Our engineers recommend against doing so.
We don’t have proof that it definitely would cause problems or fail, but it can easily be haphazard and cause subtle behaviors that influence the behavior of the SDK, thereby not giving you an accurate picture of how to SDK and product works. It could also bring down your app altogether. You have now been warned.
Part of the reason behind this risk is that there are global error handling classes, and the framework has its own error handling classes as well, so if 2 SDK’s are both consuming from or watching what these classes are doing, it could create a race condition, or one sdk could block the other sdk, or both execute at once (same thread, or multiple threads) and cause problem, or cause some other unwanted behavior not described here. How these interactions work is not well understood, and that’s because it’s risky to attempt them in general and it’s not the intended or supported use case in general.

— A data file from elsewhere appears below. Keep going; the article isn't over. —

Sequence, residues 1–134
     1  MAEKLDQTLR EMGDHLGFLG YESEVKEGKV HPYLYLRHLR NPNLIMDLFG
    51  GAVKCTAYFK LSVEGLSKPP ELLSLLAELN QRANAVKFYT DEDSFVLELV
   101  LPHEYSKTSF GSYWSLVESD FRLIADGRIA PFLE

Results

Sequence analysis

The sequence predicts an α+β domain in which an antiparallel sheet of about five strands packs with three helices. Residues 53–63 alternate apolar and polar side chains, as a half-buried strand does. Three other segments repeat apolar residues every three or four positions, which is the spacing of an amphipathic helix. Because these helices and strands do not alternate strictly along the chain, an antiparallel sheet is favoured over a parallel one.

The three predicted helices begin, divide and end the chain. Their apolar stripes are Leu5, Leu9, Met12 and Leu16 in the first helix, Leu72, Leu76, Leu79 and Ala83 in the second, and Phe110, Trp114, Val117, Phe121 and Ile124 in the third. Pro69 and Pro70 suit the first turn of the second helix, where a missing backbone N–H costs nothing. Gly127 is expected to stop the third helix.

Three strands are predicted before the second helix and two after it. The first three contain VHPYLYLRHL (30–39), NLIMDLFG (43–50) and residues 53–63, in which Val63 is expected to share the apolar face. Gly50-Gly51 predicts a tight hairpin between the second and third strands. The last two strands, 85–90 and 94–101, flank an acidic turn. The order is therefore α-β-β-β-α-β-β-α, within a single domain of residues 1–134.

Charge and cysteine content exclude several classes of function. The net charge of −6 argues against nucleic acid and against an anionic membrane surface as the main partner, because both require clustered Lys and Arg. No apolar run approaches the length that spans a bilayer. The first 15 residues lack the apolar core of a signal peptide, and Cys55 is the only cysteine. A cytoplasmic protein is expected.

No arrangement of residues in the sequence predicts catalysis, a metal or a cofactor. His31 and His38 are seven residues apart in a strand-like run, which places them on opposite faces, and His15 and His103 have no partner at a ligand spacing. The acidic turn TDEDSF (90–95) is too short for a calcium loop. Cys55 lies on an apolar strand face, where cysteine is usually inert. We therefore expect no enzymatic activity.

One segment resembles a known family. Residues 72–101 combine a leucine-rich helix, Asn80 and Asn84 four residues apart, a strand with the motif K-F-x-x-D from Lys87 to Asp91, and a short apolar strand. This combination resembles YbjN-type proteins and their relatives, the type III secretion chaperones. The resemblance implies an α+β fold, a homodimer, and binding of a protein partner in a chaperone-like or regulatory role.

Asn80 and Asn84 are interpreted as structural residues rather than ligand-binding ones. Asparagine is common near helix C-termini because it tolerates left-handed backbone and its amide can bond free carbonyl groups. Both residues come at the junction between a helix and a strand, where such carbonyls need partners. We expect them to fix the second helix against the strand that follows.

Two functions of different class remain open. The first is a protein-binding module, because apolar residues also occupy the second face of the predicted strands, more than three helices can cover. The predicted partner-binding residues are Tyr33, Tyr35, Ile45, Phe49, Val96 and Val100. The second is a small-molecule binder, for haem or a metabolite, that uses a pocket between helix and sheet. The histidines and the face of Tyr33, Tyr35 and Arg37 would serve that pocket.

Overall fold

Here’s a quick look at how Sentry handles your personal information (PII).×
We collect PII about people browsing our website, users of the Sentry service, prospective customers, and people who otherwise interact with us.
What if my PII is included in data sent to Sentry by a Sentry customer (e.g., someone using Sentry to monitor their app)? In this case you have to contact the Sentry customer (e.g., the maker of the app). We do not control the data that is sent to us through the Sentry service for the purposes of application monitoring.Am I included?
We may disclose your PII to the following type of recipients:
You may have the following rights related to your PII: